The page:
1) Red Meat ( I do believe that grass fed or wild – venison – is OK)
2) Butter and Stick Margarine
4) Pastries and Sweets
5) Fried/Fast Food
Results: A higher MIND diet score was associated with less cognitive decline and this was statistically significant (p<.0001). The difference in rate was the equivalent of being 7.5 years younger. The score was also statistically significance for each cognitive domain assessed, particularly episodic memory, semantic memory, and perceptual speed. Visuospatial ability showed the least change. So this won’t help me be a private pilot forever… but I’ll be able to react to sudden death just as fast.
Studies of fish consumption observed a lower risk of dementia with just one fish meal per week with no additional benefit with increased frequency.[viii] Does this mean I’ll only eat sushi once a week – not a chance.
Limitations: This is really a retrospective look into prospectively collected data and thus cannot show causality. Much of the possible confounders such as age, education, physical activity were statistically controlled and cancelled out without affecting the outcome of the study. The study population was also older, less active, with comorbities so the possibility of inference to a younger, healthier, more active population is in question. However, the basic tenants of the diet for brain health seem to be sound as the basic laws of physiology do not change with age, although there parameters on the continuum of life may.
But think about it – if we found a way to decrease the loss of muscle mass as we age, don’t you think many of us would start behaving that way in our 20’s? I’ll be following these recommendations NOW. But I’d also like to integrate two more dietary palns into the MIND diet for strength, conditioning, and overall optimal performance…more to follow.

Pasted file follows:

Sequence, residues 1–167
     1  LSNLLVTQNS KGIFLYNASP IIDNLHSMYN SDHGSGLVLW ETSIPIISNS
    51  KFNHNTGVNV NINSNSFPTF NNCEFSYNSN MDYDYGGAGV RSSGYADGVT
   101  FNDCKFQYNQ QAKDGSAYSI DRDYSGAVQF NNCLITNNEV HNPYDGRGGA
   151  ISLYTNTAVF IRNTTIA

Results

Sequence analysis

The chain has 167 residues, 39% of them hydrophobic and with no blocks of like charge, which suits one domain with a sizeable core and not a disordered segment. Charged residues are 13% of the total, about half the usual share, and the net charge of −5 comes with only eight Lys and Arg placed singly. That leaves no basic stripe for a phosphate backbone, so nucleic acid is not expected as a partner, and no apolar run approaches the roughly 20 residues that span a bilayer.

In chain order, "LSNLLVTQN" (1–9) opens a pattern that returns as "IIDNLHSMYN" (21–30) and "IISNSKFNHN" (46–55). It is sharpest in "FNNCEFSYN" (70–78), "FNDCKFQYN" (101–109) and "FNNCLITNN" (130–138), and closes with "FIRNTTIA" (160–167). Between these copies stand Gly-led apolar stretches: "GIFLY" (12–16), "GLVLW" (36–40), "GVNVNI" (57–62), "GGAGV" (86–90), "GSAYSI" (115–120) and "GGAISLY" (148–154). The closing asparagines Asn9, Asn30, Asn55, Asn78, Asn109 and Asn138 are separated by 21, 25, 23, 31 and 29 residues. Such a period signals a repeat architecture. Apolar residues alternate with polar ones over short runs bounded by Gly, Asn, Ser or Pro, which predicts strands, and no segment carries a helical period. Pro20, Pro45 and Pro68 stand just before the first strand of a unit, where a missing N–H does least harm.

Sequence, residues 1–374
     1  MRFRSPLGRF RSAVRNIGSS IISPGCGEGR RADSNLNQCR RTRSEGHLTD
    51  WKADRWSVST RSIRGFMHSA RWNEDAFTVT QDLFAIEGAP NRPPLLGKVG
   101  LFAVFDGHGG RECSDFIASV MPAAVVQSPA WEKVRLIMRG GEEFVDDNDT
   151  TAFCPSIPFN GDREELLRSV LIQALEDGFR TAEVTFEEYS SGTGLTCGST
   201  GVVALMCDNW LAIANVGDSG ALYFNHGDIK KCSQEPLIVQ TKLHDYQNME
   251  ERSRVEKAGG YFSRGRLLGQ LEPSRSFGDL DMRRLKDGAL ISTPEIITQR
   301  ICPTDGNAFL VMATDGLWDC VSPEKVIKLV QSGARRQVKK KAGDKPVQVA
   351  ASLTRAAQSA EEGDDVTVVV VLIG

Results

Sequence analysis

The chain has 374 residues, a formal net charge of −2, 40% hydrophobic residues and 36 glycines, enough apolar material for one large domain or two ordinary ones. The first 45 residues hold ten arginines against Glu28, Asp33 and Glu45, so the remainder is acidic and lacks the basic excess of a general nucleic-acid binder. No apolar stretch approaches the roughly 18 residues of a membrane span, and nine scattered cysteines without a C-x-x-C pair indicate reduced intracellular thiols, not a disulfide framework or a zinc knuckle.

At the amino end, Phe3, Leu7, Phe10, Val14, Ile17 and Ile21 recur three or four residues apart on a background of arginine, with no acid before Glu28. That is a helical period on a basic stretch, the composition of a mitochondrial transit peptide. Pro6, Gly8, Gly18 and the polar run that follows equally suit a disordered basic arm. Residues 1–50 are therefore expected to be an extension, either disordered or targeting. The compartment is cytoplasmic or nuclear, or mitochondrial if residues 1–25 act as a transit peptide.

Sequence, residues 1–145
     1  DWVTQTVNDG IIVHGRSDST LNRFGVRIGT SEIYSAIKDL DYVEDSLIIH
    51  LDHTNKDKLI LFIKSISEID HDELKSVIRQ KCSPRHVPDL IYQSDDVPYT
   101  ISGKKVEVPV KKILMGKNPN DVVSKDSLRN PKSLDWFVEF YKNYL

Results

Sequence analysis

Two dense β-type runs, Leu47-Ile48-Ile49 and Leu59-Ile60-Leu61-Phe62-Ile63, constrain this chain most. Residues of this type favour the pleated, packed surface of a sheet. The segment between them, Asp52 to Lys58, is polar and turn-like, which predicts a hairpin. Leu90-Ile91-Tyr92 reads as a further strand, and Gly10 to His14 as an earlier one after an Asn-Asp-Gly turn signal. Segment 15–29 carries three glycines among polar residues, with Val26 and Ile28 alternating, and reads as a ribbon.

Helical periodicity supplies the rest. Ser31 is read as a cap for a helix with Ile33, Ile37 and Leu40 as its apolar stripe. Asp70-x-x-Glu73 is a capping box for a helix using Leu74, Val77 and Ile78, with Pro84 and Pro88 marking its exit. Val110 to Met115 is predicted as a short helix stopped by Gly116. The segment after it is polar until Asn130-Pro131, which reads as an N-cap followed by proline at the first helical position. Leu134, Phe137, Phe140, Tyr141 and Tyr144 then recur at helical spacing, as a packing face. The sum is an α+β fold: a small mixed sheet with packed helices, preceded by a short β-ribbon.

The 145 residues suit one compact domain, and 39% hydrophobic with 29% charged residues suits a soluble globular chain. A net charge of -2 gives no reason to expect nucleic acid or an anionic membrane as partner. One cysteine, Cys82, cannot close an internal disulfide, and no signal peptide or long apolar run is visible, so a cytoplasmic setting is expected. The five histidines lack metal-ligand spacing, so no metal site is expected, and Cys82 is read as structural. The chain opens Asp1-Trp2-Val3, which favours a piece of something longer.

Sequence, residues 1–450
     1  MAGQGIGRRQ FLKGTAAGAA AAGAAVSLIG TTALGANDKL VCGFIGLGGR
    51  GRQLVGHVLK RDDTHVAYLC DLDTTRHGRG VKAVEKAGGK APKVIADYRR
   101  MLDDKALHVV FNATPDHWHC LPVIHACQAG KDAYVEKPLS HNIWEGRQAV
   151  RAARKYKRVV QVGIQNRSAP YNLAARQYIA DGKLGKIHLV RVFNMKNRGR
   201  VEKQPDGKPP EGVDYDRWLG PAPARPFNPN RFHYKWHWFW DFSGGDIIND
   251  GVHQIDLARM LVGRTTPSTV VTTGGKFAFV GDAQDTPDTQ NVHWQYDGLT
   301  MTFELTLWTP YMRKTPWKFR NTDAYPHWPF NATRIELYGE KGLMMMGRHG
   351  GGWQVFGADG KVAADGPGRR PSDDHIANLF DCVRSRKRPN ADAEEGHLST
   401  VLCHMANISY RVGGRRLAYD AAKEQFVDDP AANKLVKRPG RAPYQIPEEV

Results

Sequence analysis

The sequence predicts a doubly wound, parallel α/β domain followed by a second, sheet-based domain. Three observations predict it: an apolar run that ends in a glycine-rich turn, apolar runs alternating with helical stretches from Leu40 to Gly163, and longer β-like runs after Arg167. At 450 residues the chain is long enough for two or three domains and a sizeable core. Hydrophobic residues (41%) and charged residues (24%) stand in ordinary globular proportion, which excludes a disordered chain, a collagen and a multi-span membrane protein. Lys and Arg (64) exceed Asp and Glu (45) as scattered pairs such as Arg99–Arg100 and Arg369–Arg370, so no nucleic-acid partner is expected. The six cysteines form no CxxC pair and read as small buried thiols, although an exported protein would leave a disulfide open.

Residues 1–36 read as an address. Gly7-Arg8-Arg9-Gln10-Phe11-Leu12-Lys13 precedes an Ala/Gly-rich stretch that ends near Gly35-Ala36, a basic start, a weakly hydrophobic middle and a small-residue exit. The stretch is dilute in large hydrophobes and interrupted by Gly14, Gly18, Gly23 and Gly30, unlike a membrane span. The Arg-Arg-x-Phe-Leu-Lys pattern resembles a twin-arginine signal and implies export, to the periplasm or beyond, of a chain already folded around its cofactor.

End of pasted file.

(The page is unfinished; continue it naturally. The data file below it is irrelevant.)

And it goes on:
[i] 2013 Alzheimer’sDisease Fact an Figures. Volume 9, Issue 2. 2013. Alzheimer’s Association, Chicago
[ii] Smith PJ, Blumenthal JA, Babyak MA, et al. Effects of the dietary approaches to stop hypertension diet, exercise, and caloric restriction on neurocognition in overweight adults with high blood pressure. Hypertension. 2010;55:1331-1338.
[iii] Martinez-Lapiscina EH, Clavero P, Toledo E, et al. Mediterranean diet improves cognition: the PREDIMED-NAVARRA randomized trial. J Neurol Neurosurg Psychiatry. 2013;84:1318-1325.
[iv] Morris MC, Evans DA, Tangney CC, et al. Associations of vegetable and fruit consumption with age-related cognitive change. Neurology. 2006;67:1370-1376.
[v] Kang JH, Ascherio A, Grodstein F. Fruit and vegetable consumption and cognitive decline in aging women. Ann Neurol. 2005:57;713-720.
[vi] Devore EE, Kang JH, Breteler MM, et al. Dietary intakes of berries and flavonoids in relation to cognitive decline. Ann Neurol. 2012;72:135-143.
[vii] Morris MC, Tangney CC, Wang Y, et al. MIND Diet slows cognitive decline with aging. Alzheimer’s and Dementia. 2015; June epub ahead of print.
[viii] Morris MC, Evans DA, Tangney CC, et al. Fish consumption and cognitive decline with age in a large community study. Arch Neurol. 2005;62:1849-1853.